Redundantly encoding time-series data in sight and sound does not speed up perception

Bissantz and Company, one of two German software vendors that makes an Excel add-in for producing sparklines (BonaVista Systems is the other), has added a new feature to their product that you should avoid. In addition to looking at a simple sparkline to see how a series of values has changed through time, you can now listen to that same information encoded as sound. Here is their explanation for the new feature:

A time-series is a pattern. It climbs upward and descends, patterns are stable or swinging, they change slowly or abruptly. The pattern is more important than the actual values…Time-series patterns are similar to sound patterns. A sound pattern climbs or descends just like values do. You can hear what you see and see what you hear. If you simultaneously hear and see the same your understanding is faster. [Emphasis mine]

Bissantz Sparkline

Everything was fine until the last sentence. Sound patterns are indeed like time-series patterns. In fact, sound patterns are not just like time-series patterns, they are time-series patterns. They consist of values (frequencies) that unfold serially through time. The claim, however, that the addition of an audio encoding to a visual encoding of time-series information speeds up the process of understanding is not correct. It actually slows down the process. I can see the time-series pattern in an instant, because my brain processes the image in a parallel manner, but sounds are processed serially, which takes time. Audio encoding might be useful for people who are visually impaired, but for the rest of us it is not a good replacement nor even a good addition to a graphical encoding.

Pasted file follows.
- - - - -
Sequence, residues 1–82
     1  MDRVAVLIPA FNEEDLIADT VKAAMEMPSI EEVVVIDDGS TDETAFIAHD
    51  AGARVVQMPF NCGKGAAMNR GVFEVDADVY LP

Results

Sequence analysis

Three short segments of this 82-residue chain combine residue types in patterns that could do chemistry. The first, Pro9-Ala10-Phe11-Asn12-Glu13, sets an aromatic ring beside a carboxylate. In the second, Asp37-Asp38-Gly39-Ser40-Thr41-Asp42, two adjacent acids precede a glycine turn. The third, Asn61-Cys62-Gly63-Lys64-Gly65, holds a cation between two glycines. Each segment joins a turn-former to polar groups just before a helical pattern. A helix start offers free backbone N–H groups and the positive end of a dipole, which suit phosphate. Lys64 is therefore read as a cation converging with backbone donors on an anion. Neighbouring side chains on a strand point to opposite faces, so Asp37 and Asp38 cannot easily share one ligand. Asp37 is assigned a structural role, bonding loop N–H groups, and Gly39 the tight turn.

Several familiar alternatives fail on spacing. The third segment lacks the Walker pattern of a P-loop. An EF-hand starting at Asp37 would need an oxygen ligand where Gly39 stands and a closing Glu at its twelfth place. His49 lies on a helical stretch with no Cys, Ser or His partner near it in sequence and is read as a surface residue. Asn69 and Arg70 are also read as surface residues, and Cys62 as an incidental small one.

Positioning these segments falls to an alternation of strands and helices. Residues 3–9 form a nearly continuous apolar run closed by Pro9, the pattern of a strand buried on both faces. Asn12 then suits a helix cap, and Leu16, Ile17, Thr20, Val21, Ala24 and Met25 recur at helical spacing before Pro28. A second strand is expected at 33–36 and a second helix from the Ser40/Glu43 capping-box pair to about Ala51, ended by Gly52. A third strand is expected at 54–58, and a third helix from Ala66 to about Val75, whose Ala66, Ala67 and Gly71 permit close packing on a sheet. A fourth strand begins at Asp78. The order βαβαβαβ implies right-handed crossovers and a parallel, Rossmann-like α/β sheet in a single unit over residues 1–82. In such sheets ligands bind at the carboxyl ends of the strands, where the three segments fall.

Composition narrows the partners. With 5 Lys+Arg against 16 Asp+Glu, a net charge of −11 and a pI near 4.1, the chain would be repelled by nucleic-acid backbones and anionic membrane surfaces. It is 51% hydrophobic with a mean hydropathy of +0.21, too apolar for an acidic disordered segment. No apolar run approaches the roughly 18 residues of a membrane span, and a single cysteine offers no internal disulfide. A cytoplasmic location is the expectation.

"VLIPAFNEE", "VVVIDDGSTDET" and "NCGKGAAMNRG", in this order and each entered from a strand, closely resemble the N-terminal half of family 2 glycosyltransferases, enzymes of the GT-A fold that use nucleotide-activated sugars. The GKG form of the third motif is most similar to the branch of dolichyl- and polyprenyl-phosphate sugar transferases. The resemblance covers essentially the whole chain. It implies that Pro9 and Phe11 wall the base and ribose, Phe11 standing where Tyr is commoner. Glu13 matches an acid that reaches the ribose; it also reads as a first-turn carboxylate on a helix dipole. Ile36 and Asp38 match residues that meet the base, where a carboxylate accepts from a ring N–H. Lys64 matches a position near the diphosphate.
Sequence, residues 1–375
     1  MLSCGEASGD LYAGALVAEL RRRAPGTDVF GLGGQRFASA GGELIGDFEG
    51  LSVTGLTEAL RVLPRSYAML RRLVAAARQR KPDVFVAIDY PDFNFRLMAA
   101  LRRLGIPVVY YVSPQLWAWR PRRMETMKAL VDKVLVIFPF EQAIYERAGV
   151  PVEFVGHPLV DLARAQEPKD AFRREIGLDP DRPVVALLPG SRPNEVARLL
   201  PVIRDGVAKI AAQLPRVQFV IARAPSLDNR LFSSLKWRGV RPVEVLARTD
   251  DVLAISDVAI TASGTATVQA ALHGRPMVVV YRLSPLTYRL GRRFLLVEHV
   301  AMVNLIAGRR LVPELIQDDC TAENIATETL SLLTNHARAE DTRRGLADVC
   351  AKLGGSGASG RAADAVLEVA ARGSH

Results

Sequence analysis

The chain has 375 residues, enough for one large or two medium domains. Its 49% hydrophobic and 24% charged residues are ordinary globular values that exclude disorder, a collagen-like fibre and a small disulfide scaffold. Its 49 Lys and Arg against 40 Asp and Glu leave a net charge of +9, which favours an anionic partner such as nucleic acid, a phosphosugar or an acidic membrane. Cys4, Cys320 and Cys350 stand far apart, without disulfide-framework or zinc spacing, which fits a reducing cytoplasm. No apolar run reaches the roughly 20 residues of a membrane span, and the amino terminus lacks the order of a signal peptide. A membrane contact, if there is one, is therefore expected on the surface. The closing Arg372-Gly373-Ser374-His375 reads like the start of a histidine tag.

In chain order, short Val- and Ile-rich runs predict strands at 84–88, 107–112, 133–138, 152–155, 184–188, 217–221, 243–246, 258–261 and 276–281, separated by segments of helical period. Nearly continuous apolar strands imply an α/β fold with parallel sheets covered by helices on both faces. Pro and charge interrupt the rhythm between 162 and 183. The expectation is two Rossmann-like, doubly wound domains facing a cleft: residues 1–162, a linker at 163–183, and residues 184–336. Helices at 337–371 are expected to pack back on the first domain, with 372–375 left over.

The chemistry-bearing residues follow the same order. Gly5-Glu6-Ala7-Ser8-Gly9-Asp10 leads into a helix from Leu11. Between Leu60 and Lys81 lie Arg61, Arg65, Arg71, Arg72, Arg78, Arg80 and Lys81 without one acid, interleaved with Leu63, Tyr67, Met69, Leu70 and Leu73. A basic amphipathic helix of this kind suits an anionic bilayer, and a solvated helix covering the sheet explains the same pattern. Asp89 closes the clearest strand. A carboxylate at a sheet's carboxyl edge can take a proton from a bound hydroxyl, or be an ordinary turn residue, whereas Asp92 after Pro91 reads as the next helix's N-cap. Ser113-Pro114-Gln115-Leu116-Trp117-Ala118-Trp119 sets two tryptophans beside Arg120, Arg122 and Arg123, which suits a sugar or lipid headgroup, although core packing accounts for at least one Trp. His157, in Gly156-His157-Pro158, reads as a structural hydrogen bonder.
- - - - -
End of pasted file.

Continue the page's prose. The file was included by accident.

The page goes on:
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One Comment on “Redundantly encoding time-series data in sight and sound does not speed up perception”


By Jorge Camoes. February 8th, 2007 at 12:05 am

The problem with this new “feature” is that is assumes that time in a time-series display is a property of the visual perceptual system. In fact, is just a property of a given image.

This is very interesting. Bertin talks about it in the first pages of his Semiologie Graphique. While the auditory perception is a linear, temporal, system (variation of sound and time), visual perception uses space (both dimensions of the plan, width and height) and variation of the image. This is how Bertin put it:
La perception sonore ne dispose que de deux variables sensibles: la variation des sons et le temps. Par contre, la perception visuelle dispose de trois variables sensibles: la variation des taches et les deux dimensions du plan, et ceci hors du temps. Les systèmes destinés à l’œil soat d’abord spatiaux et atemporels. D’où leur propriété essentielle: dans un instant de perception, les systèmes linéaires ne nous communiquent qu’un seul son ou signe, tandis que les systèmes spatiaux, dont la graphique, nous communiquent dans le même instant les relations entre trois variables.